Yeah, it's hard to imagine a light, trustworthy, tubular torque rod. The most punishment some of this stuff will get in normal use is from vibration and mild flutter. Hard to beat wire from point A to B.
    You just put a whammy on me to use 3/32" sheet. The cupboards are full of 1/16"...of course I'm out of 3/32". If I was to use 1/16" now, the karma has been set up for an "ElFoldo", even if it had a titanium spar.

    Now, I hear some Chowderhead around here uses lightply for spars on his Q40s.....can you believe that?
    WHO GUNNA FEED MAW KEEEIDS..???

  4. #4
    Mike Connor's Avatar
    Join Date
    Jan 2002
    Location
    Tulsa, OK
    Posts
    2,025
    Gallery
    My Gallery
    Models
    My Models
    Ratings
    My Feedback

    RE: .40 SIZED FLYING WING

    The 3/32 is only 1/2 oz per sq ft heavier then the 1/16 and you only need it on top. However, look what we do to our deltas with only partial 1/16" sheeting and two spars. We can't break them... in the air. From what you are describing, I would think it would come out 3 lbs or les RTF.

  5. #5
    MJD's Avatar
    Join Date
    May 2003
    Location
    Orangeville, ON, CANADA
    Posts
    6,610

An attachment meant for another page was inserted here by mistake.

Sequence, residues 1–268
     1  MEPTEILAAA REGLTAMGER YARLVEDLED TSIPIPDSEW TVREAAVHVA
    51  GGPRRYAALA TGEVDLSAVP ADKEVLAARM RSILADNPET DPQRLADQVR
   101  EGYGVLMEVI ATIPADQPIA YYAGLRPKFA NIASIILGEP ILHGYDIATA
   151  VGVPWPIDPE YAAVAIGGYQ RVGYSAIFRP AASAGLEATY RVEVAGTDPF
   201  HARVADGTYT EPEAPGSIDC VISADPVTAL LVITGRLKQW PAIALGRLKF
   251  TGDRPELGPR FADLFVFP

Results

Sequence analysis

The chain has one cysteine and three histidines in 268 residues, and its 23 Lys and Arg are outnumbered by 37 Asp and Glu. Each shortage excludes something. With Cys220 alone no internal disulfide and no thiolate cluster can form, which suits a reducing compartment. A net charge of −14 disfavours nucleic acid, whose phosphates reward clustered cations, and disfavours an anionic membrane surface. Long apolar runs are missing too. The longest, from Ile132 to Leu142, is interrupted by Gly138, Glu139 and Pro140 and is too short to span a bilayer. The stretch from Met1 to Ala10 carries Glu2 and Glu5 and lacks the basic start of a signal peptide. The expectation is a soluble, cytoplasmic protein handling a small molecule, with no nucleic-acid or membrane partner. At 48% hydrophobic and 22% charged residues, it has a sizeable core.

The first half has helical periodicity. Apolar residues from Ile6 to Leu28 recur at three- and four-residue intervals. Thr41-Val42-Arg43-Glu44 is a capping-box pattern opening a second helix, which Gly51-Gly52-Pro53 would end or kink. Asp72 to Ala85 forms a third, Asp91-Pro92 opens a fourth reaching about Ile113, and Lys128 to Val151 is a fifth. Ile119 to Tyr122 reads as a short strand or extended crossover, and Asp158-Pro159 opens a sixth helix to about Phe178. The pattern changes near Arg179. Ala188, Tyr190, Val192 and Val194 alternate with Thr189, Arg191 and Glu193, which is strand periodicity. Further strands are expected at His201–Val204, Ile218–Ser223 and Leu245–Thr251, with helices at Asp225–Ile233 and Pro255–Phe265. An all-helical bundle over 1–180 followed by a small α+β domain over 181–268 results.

Gallery
    My Gallery
    Models
    My Models
    Ratings
    My Feedback

    RE: .40 SIZED FLYING WING


    ORIGINAL: Mike Connor

    The 3/32 is only 1/2 oz per sq ft heavier then the 1/16 and you only need it on top. However, look what we do to our deltas with only partial 1/16'' sheeting and two spars. We can't break them... in the air. From what you are describing, I would think it would come out 3 lbs or les RTF.
    I was going to suggest a couple of arrow shafts in there.. ;-)

    My Doddgers are 3/32" top, 1/16" bottom. On this thing I'd imagine you'd want to think about similar negative and positive gees, unlike pylon racing, so I'd be tempted to go thick top and bottom. I bet 1/16" with light glass under and over would be a contender, although maybe a little too high tech?

    MJD
    Sorry I'm late dear, I had to help my uncle Jack off his horse.

  6. #6
    combatpigg's Avatar
    Join Date
    Nov 2003
    Location
    arlington, WA
    Posts
    17,676
    Gallery
    My Gallery
    Models
    My Models
    Ratings
    My Feedback

    RE: .40 SIZED FLYING WING

    This plane will likely only see the "speed pattern" with only positive pullouts from dives. The only other stresses might come from bad takeoffs and landings.

    Now it's time to get some materials and scrounge a vacuum pump and pressure switch.

    The lay ups I've studied end up weighing a pound, but these are wings that are prepped for landing gear.
    WHO GUNNA FEED MAW KEEEIDS..???

  7. #7
    combatpigg's Avatar
    Join Date
    Nov 2003
    Location
    arlington, WA
    Posts
    17,676
    Gallery
    My Gallery
    Models
    My Models
    Ratings
    My Feedback

    RE: .40 SIZED FLYING WING

    None of the composite wing threads show prepping the cores for elevons. The elevons on the wing I'm building will be full span [except for the wingtips] and will have about 1.5" of chord.